status viatoris – being ‘on the way’/being in a state of pilgrimage
All us village lasses were simply thrilled when the kiddies’ ballet teacher started aerobics lessons up in the school gym.
A month down the line, and most of us are slightly less thrilled to have discovered just how truly uncoordinated we are. Freestyle bopping in the piazza when high on a euphoric cocktail of summer madness and a few glasses of vino, turns out to be not at all the same as being put through strict “Waka Waka” and “Candyman” paces in front of a horribly reflective mirror.
I suppose the fact that the teacher is a Russian ballet dancer should have been an indication that star-jumps and sit-ups were unlikely to be the sole ingredients of our fitness regime, but I’m not sure any of us were truly prepared for the amount of rhythm she was going to ask us to force from recalcitrant limbs.
Shoes not being allowed in the gym, the humiliation is completed by colourful socks with grippy bits on the bottom, or tweet ickle ballet shoes, much like the ones in the photos.
(My bunions are not keen on either of them, but have learnt to keep schtum and twirl on regardless.)
So for the princely sum of 30€ a month, twelve to fifteen girls and ladies sashay up the hill to school two evenings a week; hobbling sweatily back down again an hour later, egos in tatters.
In Southern Spain I alternated between envy, admiration and a mixture of the two when observing how naturally people there moved to music, especially the female of the species. A culture of sevillanas, rumba or other dances learnt from childhood definitely breaks through the self-concious jerkiness that so many of us suffer from when confronted with the prospect of a dance floor.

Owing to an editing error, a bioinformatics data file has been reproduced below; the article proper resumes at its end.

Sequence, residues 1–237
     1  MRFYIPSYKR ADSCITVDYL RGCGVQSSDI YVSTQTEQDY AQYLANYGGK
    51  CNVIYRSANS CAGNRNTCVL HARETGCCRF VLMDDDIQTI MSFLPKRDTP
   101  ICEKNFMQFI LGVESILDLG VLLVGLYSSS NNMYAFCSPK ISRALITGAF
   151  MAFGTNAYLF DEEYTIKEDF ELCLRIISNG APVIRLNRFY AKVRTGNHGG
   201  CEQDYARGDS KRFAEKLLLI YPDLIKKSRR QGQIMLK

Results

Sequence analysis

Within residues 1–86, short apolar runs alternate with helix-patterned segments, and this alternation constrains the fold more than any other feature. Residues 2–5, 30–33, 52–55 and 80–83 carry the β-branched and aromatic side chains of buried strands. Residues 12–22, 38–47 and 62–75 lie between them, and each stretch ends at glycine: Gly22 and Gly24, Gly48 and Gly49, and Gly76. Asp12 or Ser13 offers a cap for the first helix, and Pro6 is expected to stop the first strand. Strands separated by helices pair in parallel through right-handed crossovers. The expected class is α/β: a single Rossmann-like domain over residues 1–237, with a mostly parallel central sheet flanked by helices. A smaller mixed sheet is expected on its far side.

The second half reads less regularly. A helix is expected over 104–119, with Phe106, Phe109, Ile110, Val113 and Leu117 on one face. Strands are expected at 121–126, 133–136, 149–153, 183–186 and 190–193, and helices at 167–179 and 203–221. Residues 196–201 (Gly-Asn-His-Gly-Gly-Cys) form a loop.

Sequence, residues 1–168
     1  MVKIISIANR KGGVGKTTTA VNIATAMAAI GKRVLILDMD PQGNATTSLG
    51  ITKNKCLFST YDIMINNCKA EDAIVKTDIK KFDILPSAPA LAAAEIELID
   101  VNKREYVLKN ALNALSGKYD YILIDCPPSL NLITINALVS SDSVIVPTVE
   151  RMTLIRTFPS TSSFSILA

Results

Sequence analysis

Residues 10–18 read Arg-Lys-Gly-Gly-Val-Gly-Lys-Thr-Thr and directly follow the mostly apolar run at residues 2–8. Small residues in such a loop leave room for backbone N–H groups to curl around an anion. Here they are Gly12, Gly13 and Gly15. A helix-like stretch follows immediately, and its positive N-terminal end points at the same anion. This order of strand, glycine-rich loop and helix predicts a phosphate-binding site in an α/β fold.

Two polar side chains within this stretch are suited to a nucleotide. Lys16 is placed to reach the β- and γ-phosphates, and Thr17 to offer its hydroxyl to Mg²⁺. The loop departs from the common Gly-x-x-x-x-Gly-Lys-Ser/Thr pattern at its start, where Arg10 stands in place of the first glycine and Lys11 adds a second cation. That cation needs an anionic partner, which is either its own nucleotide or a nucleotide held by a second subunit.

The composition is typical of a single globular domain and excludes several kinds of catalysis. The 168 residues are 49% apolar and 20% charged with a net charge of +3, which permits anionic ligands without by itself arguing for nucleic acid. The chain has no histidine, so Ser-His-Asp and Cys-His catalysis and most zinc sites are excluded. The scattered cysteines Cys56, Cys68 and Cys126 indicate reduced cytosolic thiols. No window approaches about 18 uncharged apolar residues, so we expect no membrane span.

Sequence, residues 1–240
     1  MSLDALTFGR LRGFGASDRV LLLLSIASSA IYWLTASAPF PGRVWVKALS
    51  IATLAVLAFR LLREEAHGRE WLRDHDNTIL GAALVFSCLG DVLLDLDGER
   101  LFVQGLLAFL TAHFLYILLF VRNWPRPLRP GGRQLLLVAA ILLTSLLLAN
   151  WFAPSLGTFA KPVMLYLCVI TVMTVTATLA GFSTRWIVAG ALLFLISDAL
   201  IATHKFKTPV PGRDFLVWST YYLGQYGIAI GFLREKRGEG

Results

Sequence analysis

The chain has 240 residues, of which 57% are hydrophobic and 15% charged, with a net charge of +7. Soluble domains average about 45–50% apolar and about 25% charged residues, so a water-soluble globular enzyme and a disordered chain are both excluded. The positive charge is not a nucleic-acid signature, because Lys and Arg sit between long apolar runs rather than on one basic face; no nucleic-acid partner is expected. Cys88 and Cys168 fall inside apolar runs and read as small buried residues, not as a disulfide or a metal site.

And although it was a relief to get to France and discover that the French are no more gifted in that department than the Brits, it was also a little sad to realise that there was now zero chance a sense of rhythm was going to inadvertently rub off on me.
Italy differs from the previous two, in that although Italians do not have the natural dancing abilities of the Southern Spaniards, they do have a thriving culture of learning how to fake it.
Nowhere is that more apparent than My Little Italian Village during the summer festas, when the instructed few strut confidently out into the middle of the piazza, and proceed to put the rest of us to shame.
And if the look of fierce concentration on their faces as they undulate round a bachata, spin off a salsa or unite the dance floor in a rousing Waka Waka, does not exactly convey an impression of enjoyment, they still look a heck of a lot better than me.
But as luck would have it, none of them has yet infiltrated our keep-fit sessions, so a surfeit of left feet wins the day.
This is Status Viatoris, whose cronky old knees are especially enjoying aerobics, in Italy.